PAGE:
National Audit Office highlights five risks in getting value for money from infrastructure investment including recycling facilities


With the Government expecting £310 billion to be spent by 2015 on national infrastructure projects, the National Audit Office (NAO) has outlined five key risks to getting value for money from projects.

At present, the Government is expecting the private sector to fund 64 per cent of the proposed waste, energy, water, rail, roads, flood defences and digital communications infrastructure projects proposed.


But the NAO has warned that one of the risks to achieving value for money from these projects is that forecasters may get wrong the need for infrastructure in the long term.

Another risk is that uncertainty over Government policy might lead project sponsors, lenders and contractors to defer or abandon projects in the UK for elsewhere.

It also warns that with the private sector funding the majority of the projects, costs may be transferred onto the public as consumers rather than as taxpayers through higher bills for example.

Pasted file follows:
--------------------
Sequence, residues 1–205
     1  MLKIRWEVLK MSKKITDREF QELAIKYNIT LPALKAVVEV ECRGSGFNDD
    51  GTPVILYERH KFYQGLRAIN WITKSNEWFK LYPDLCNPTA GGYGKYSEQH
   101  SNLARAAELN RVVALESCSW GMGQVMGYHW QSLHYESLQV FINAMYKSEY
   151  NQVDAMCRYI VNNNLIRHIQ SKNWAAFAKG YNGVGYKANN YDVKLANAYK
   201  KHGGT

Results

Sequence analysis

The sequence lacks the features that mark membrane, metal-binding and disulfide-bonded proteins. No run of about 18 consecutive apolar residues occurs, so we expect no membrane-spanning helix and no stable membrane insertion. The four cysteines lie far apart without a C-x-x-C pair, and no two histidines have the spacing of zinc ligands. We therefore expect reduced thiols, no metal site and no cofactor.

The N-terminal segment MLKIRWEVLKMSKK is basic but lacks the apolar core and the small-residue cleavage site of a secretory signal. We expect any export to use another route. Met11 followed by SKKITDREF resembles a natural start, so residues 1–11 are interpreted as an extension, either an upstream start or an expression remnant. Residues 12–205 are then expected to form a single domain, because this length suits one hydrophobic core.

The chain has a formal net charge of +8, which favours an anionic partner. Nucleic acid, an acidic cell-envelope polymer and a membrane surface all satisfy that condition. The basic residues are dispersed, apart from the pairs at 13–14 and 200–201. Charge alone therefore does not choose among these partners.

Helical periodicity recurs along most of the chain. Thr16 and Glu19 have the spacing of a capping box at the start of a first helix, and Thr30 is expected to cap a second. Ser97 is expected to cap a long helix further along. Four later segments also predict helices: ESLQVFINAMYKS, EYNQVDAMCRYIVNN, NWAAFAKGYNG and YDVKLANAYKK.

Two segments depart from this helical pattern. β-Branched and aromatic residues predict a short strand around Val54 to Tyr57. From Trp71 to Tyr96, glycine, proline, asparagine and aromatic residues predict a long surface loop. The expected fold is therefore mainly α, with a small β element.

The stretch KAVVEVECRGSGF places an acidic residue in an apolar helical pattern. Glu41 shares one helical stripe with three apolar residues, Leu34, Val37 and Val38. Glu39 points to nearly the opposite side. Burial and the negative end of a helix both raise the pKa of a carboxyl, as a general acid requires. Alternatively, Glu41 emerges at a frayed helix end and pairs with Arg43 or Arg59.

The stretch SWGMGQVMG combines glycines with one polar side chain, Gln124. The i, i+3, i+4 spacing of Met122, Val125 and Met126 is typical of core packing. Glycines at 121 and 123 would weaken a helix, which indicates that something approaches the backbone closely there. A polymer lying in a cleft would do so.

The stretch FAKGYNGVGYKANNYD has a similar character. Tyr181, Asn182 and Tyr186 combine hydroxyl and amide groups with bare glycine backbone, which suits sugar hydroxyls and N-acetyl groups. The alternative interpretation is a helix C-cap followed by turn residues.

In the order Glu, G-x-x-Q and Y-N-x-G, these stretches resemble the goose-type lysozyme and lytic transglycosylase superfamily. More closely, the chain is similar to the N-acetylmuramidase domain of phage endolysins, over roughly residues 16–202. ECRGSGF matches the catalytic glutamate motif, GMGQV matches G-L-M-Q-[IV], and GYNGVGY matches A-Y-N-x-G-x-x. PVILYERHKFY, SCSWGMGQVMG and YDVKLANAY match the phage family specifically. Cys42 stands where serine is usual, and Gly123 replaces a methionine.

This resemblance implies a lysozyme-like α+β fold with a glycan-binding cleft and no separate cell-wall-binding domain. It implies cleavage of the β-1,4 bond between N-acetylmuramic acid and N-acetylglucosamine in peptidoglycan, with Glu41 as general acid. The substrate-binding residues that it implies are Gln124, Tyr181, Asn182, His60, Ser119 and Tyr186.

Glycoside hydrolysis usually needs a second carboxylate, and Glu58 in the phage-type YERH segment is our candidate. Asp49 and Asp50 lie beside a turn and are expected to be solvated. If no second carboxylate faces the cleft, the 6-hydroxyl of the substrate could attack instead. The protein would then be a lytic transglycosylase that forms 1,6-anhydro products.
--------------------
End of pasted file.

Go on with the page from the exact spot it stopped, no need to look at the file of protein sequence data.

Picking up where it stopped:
The NAO is also concerned by the potential for higher than planned support by taxpayers such as bearing project cost overruns.

There is also concern that the Government is seeking new ways to finance projects that could mean higher financial risk than currently anticipated.

NAO head Amyas More said: “Economic infrastructure keeps the country running. Demand for infrastructure is set to increase, fuelled by population growth, technological progress, climate change and congestion.

“But there is a lot at stake in taking forward the national infrastructure plan in an environment of straitened resources, with real risks to value for money and uncertainty about the sustainability of piling costs onto consumers.

“I have made a number of recommendations which look to the Treasury, departments and regulators to provide greater clarity on the costs which taxpayers and consumers will bear. Work is already in hand to drive down the costs of delivering new infrastructure and this should continue.”